A decoction of the bark is used as a febrifuge to treat conditions such as malaria[ 303 , 451 , 598 ]. A decoction of twigs and leaves is used to control dysentery and severe diarrhoea[ 303 , 598 ].

Other Uses

Street tree, Public open space, Specimen in large garden, Bonsai. Agroforestry Uses: The tree is used for reforestation purposes, at least partly due to its ability to suppress the dense cover of weeds, including Imperata cylindrica and Gleichenia linearis[ 303 , 404 ]. It is planted in some regions to control soil erosion[ 307 ]. It occurs naturally as a pioneer in burnt-over areas and poor sites such as alang alang (Imperata cylindrica) grassland[ 303 , 325 ]. Other Uses The latex found under the skin of the fruits is often used as an adhesive[ 451 ]. The heartwood is light yellowish brown, the sapwood light yellow with an unpleasant smell[ 325 ]. The wood is medium weight, hard and very durable[ 325 , 404 , 451 ]. This species is the main source of tembesu timber, considered to yield a first-class turnery timber[ 303 ]. The nailing properties are good. The wood can be peeled into 1.5 mm thick veneer at a 90? peeling angle without pre-treatment with good results[ 303 ]. This valuable and durable timber is used both as sawn wood as well as roundwood for posts and piles in the construction of houses, bridges and ships, and for railway sleepers, posts for electric and telephone lines, barrels, chopping blocks, furniture, cabinet work, door and windows sills and wood carvings[ 303 ]. The wood yields a very high-quality fuel wood and charcoal[ 303 ].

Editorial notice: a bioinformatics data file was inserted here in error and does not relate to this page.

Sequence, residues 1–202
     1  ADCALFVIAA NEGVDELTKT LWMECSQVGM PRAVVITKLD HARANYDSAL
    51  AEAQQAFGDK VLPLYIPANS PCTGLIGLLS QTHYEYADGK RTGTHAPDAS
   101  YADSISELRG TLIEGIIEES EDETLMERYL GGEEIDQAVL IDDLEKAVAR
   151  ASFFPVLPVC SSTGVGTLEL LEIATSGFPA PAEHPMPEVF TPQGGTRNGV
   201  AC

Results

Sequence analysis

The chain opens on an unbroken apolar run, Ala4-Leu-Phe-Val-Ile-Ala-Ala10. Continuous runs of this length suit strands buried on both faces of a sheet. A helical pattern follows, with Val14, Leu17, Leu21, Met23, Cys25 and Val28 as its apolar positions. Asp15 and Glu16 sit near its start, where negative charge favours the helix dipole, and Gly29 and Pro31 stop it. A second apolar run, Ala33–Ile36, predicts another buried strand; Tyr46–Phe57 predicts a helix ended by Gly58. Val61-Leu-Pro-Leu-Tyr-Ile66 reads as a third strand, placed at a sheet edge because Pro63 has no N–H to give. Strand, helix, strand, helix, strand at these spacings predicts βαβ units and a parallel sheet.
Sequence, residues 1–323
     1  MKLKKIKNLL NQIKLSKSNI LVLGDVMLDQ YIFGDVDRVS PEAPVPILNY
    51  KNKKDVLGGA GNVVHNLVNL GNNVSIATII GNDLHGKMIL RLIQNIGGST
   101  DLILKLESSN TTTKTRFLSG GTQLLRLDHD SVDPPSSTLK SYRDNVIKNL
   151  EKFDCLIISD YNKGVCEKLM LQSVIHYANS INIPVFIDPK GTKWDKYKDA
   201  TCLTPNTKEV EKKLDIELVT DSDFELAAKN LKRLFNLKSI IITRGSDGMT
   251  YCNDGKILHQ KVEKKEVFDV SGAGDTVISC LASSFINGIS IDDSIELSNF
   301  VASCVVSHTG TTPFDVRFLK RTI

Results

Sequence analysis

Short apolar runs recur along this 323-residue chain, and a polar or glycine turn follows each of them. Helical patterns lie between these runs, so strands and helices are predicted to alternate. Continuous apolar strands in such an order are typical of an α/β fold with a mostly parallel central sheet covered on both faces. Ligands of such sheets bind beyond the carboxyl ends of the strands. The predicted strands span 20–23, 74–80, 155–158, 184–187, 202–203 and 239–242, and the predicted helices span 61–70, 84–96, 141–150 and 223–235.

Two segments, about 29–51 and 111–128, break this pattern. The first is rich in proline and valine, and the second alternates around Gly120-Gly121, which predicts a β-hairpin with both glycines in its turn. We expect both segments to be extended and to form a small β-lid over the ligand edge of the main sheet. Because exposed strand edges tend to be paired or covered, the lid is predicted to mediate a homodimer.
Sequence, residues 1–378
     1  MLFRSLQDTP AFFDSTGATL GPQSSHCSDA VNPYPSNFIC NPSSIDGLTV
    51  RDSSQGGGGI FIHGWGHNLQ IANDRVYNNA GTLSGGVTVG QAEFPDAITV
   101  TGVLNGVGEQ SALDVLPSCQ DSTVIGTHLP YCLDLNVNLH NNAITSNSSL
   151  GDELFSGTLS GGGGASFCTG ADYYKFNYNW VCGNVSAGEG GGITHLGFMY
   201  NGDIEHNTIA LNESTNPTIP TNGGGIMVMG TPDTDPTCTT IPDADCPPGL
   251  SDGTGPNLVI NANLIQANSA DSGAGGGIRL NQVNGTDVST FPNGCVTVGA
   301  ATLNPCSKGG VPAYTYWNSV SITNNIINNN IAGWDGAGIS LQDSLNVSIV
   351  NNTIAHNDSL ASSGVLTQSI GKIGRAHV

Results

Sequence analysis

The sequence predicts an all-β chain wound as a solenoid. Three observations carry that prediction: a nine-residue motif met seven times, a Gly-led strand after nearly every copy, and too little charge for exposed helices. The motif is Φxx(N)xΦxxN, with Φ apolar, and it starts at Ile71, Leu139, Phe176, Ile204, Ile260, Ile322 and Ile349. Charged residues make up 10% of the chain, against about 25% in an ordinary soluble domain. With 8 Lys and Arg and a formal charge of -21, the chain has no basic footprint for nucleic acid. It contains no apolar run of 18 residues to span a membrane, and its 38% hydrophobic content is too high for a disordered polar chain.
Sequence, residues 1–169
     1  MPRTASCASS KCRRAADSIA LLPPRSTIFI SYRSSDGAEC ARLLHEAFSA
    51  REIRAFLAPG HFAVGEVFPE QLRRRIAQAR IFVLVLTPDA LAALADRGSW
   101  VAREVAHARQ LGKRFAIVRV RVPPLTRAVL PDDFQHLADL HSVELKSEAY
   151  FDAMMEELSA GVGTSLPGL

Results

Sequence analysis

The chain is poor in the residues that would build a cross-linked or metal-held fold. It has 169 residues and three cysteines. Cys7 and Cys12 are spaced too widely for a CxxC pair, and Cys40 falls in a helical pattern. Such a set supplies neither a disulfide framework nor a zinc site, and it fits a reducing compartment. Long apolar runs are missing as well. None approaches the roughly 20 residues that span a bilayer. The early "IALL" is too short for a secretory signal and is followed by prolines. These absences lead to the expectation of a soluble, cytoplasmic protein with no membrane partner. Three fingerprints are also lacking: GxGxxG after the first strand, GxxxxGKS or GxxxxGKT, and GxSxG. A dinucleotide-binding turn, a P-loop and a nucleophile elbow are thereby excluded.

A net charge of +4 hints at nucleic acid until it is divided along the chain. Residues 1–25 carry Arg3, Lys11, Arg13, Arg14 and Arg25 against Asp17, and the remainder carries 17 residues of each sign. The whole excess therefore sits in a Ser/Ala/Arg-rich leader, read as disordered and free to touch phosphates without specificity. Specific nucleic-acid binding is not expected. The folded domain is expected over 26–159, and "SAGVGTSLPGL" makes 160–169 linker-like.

Cultivation details

A plant of the wet, lowland tropics, where it is found at elevations up to 400 metres. It grows best in areas where annual daytime temperatures are within the range 20 - 30?c, but can tolerate 10 - 36?c[ 418 ]. It prefers a mean annual rainfall in the range 2,000 - 3,000mm, but tolerates 1,000 - 4,000mm[ 418 ]. Grows best in a sunny position[ 418 ]. Thrives in well-drained to swampy, periodically inundated habitats, occasionally even on permanently inundated localities, often along rivers or creeks[ 303 ]. It can succeed on poor or degraded soils so long as they are well-drained, and even in lalang (Imperata cylindrica) grasslands, where it suppresses this noxious grass[ 303 ]. Prefers a pH in the range 5 - 6, tolerating 4.5 - 6.5[ 418 ]. Established plants are moderately drought tolerant[ 307 ]. Considered a useful plantation species, as it is adaptable and hardy[ 303 ]. The corky bark gives it some resistance to fire - an 8-year-old plantation in alang alang grassland suffered no damage from a passing fire[ 303 ]. The lower branches are very persistent and pruning these promotes height growth[ 303 ]. Trees coppice freely; locally, trees may often be pollarded for poles[ 303 ]. Large trees are frequently hollow[ 303 ].